Ryann Rain, summed it up perfectly: "We all know there's an ugly side, and the highest highs and lowest lows to stripping... but I left the show last night feeling targeted and condemned. It fed all the stereotypes of drug use, poor parenting, being trapped, and that it was an entirely damaging experience to dance-- for everyone. ‘Don't peel-- just be real’ was the message and I was really upset that she would make it so anti-stripping when she's obviously making a living using her experiences as a stripper!"


Ryann said...

sigh... yeah...
that show was so unfortunate. You did a great job on the review. You got it bang on. I'm proud of you for saying something to her.

and I'm really glad I got to hang out with you.

Love you!

Anonymous said...

If you are a voice for strippers shouldn't you support all their voices and not just the ones you like? Would June's act have been better if she ONLY spoke about the good? No it would be a lie. Neither you nor June are stripping now but rather relaying the stories you hear from others who are. And only the good ones at that. Do you really know whats going on anymore? Its not about 'creativity' and hasn't been for a long time, this isn't a trip to the theater, its a bar and usually a crappy one where the managers and owners are...not the most respected in society shall we say who promote and pressure us to do more than dance and you should know that. Why are you not stripping for a living now if it was all so positive? Wouldn't that make your message more believable?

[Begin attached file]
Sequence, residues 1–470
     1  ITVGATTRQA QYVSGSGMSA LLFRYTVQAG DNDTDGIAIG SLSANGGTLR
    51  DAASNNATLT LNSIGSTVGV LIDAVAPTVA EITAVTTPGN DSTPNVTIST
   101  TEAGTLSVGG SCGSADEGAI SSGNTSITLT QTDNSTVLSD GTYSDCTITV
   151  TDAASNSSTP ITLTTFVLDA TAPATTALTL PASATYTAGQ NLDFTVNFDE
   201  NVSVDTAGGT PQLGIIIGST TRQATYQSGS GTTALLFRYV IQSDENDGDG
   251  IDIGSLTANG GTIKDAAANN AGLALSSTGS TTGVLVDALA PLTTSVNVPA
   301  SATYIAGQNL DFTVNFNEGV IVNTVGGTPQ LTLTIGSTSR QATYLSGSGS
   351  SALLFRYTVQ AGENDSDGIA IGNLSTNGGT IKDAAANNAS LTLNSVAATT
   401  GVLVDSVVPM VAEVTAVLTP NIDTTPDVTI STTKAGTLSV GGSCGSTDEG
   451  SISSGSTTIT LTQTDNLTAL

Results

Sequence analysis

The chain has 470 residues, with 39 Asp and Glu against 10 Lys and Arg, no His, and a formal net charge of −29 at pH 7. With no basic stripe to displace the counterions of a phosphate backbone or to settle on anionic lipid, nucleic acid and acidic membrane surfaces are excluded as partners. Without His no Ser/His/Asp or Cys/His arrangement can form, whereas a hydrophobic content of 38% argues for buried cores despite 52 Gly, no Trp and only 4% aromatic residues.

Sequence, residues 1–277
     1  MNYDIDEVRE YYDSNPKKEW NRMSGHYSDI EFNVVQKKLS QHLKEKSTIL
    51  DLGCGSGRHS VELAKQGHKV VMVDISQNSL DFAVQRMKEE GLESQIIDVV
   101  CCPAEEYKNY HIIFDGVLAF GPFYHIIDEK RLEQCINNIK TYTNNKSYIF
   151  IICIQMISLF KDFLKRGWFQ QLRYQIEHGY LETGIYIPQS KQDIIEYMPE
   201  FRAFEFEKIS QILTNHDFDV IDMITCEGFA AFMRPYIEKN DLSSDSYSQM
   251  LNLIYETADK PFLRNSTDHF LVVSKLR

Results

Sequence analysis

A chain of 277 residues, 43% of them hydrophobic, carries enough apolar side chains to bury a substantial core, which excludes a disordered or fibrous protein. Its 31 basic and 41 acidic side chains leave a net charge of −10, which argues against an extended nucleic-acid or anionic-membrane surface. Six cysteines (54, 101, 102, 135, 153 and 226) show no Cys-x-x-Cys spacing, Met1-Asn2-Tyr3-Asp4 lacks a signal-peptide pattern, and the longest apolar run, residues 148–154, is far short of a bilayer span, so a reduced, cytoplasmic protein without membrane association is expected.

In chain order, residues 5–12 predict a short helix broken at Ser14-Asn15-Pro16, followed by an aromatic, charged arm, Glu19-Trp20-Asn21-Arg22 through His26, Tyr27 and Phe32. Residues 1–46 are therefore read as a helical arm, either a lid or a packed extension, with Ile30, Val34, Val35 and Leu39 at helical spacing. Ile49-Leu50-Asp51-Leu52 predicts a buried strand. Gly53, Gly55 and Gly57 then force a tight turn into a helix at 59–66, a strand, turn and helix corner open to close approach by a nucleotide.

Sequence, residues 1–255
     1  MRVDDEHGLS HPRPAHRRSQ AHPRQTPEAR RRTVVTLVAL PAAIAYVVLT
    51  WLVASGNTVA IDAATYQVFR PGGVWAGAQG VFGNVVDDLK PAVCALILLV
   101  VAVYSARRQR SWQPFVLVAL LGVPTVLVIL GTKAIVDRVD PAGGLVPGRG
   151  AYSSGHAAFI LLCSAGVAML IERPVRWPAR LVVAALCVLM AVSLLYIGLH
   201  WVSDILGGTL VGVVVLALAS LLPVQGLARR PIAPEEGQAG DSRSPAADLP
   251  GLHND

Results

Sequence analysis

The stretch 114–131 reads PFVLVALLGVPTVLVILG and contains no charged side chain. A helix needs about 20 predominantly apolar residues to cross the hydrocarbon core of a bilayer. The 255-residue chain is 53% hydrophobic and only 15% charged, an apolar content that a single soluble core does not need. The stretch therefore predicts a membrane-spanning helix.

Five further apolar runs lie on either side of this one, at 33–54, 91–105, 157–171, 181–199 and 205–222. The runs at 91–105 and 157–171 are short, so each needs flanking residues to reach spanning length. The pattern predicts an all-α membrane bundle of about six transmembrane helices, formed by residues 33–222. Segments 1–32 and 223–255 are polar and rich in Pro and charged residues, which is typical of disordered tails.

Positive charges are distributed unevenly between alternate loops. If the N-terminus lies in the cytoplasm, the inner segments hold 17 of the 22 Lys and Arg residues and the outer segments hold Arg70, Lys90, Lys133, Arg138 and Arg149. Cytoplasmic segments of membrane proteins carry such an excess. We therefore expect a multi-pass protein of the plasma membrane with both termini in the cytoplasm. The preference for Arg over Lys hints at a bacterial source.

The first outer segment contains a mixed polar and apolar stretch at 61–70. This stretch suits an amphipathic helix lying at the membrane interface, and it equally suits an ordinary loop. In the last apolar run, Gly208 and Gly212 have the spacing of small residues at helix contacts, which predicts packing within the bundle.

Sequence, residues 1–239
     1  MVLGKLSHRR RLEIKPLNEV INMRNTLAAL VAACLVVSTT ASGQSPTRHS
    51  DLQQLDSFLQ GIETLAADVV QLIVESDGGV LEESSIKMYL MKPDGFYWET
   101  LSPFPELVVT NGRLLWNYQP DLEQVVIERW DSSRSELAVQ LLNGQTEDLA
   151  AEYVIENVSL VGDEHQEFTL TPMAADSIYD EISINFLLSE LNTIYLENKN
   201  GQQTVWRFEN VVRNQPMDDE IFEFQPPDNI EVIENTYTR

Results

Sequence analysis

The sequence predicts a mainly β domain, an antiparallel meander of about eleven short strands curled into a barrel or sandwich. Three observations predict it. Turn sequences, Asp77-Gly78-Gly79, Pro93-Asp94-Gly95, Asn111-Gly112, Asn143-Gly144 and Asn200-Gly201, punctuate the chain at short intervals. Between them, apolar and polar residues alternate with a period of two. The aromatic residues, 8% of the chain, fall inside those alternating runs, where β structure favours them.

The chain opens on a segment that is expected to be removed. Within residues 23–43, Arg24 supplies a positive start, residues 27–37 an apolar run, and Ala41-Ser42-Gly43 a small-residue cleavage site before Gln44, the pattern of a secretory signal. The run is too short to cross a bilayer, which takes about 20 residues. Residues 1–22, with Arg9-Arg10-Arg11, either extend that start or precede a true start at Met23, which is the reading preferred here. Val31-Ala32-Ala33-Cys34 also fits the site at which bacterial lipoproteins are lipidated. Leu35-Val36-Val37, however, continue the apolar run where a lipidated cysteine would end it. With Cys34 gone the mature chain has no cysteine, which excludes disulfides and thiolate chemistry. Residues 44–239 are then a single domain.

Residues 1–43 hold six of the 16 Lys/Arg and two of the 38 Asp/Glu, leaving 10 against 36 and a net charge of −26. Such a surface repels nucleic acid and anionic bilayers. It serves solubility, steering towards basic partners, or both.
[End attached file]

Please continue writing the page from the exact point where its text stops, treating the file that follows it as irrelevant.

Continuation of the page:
Annie Temple said...

I'm not dancing anymore for two reasons - one, I like to put my kids to bed at night and it is largely an evening occupation; and two, I don't have the body for it anymore.

It sounds like your experience dancing is not a good one. I'm sorry to hear that. I have never worked in a club that pressured me to do more than just dance and while I am not dancing anymore, I am in daily contact with many people who still are a part of the industry in BC, Canada. It is not my impression that this is the case in the clubs here.

Regardless of whether some clubs have "extras" or are owned and run by exploitive people, I will never agree with or anyone who says exotic dance is not about creativity. I believe that all sex work is erotic art, whether you're doing it on stage with no contact, or doing it in an alley. It takes skill and creativity. Sex work is erotic art.

If you do it and you hate it - then you shouldn't be doing it. But you'll never convince me that the whole industry is shit. Because it's not.

woodoow said...

I agree with Anonymous. As a former sex-worker, I had to take a lot of shit. And it's not fair to tell someone "If you do it and you hate it - you shouldnt be doing it", you should know better than that. People do sex-work for a variety of reasons, the biggest is financial need.
Anyway, as an artist, I believe it necessary to add those darker undertones, without judgment, to fully flesh out a play. I didnt see the show so I cant tell if it was too much or too little, but I think that without delving into the seedier aspects of that world, any show would have ended up being too pep and superficial and 'politically-correct'. Boring.